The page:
“Dr. Paus basically created the field of population neuroscience, where state-of-the-art neuro-imaging technology is used to understand the complex interaction between environment and genes that sculpt the healthy brain,” explains Dr. Randy McIntosh, vice-president of Research at Baycrest and director of the Rotman Research Institute. “His work engages the community at large, giving them the opportunity to contribute directly to the research goals.”
Dr. Paus, who is conducting large population-based studies in Canada and the United Kingdom, has been studying brain maturation and cognitive development from childhood to adolescence. Now working with Institute scientists, he is laying the foundation for a major research project based in Toronto that will span three generations – grandparents, parents and children.
“We want to understand how environmental and genetic factors shape the human brain and body,” says Dr. Paus, who holds the joint Baycrest and University of Toronto Anne and Max Tanenbaum Chair in Population Neuroscience. He is also co-director – with The Hospital for Sick Children’s Dr. Zdenka Pausova – of the Toronto Trans-Generational Brain and Body Centre located at Baycrest.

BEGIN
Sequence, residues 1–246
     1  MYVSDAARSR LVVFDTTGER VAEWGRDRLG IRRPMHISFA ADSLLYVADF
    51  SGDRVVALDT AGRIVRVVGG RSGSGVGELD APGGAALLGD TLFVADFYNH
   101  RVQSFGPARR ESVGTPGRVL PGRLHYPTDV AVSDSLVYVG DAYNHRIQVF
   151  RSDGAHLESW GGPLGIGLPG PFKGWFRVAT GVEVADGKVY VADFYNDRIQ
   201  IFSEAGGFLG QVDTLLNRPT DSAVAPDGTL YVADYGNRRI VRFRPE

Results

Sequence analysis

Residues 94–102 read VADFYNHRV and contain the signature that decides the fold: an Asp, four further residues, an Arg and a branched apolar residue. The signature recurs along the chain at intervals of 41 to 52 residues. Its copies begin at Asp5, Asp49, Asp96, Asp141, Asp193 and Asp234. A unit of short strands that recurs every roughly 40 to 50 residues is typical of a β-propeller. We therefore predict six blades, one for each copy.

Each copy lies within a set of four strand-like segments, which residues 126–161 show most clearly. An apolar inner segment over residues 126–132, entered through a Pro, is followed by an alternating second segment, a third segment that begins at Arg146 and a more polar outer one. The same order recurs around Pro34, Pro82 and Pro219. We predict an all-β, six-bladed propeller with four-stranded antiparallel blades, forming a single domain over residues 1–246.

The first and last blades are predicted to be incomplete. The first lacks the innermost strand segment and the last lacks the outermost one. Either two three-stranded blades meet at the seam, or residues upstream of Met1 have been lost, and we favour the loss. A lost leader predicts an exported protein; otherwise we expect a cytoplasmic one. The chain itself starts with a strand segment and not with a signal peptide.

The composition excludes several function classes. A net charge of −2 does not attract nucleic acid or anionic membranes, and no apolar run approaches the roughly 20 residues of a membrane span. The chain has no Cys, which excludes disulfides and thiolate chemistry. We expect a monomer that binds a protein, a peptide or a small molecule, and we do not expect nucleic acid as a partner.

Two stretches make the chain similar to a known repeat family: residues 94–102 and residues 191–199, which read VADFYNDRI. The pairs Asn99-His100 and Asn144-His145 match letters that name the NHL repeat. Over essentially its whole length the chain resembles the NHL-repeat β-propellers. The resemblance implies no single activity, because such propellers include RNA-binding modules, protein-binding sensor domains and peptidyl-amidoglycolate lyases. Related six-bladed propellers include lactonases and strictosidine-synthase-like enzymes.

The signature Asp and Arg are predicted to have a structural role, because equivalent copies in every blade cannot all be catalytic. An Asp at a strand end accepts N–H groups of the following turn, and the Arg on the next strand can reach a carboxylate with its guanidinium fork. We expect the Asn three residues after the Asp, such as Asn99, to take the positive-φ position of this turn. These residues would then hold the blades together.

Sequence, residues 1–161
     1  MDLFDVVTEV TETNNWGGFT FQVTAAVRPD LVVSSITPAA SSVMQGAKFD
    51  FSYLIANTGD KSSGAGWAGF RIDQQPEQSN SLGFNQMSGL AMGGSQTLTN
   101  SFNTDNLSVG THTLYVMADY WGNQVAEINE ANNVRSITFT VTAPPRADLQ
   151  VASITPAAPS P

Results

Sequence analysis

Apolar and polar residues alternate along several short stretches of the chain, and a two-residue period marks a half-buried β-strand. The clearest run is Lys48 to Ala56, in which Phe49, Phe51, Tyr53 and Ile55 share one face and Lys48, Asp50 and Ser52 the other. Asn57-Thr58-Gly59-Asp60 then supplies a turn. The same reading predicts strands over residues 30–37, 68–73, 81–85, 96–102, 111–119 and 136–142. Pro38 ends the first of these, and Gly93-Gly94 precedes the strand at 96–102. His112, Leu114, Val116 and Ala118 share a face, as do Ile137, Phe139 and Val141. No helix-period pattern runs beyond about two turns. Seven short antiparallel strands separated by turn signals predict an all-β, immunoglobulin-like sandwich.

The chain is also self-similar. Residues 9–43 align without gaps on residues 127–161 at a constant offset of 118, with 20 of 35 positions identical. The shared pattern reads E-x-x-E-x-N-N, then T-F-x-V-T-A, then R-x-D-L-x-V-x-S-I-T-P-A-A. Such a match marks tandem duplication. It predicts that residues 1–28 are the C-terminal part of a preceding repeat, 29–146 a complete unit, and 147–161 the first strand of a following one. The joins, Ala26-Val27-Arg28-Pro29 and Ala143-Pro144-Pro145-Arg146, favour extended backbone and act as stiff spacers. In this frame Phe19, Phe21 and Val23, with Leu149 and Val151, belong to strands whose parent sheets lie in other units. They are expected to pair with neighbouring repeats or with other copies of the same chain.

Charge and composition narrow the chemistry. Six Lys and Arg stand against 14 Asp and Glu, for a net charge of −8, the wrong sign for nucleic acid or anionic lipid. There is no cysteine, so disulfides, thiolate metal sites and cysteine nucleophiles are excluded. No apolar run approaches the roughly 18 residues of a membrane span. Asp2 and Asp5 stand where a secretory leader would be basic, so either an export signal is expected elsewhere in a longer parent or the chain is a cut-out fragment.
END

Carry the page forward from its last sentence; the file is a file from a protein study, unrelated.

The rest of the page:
Dr. Paus and his team use state-of-the-art imaging tools like magnetic resonance imaging (MRI), to study brain structure and function. They then combine data obtained via these methods with detailed assessments of cognition and mental health, as well as cardiovascular and metabolic health, along with assessments of lifelong experiences and variations in genes.
“The goal is to see how the environment combines with genetic traits to influence whether we develop disorders like depression, addiction, dementia, obesity and diabetes,” Dr. Paus explains. “We hope our findings will be useful in helping convince people who might be headed down the path to illness later in life to embrace personalized interventions aimed at helping them stay healthier longer.”
Dr. Paus’s other research interests and activities include hormonal influences on the maturation of white matter in the brain during male puberty, the effects of maternal smoking during pregnancy on the children’s drug experimentation during adolescence, and how we process “social cues” in faces and bodies in the context of conflict resolution and reconciliation.
© 2011 Baycrest. All Rights Reserved.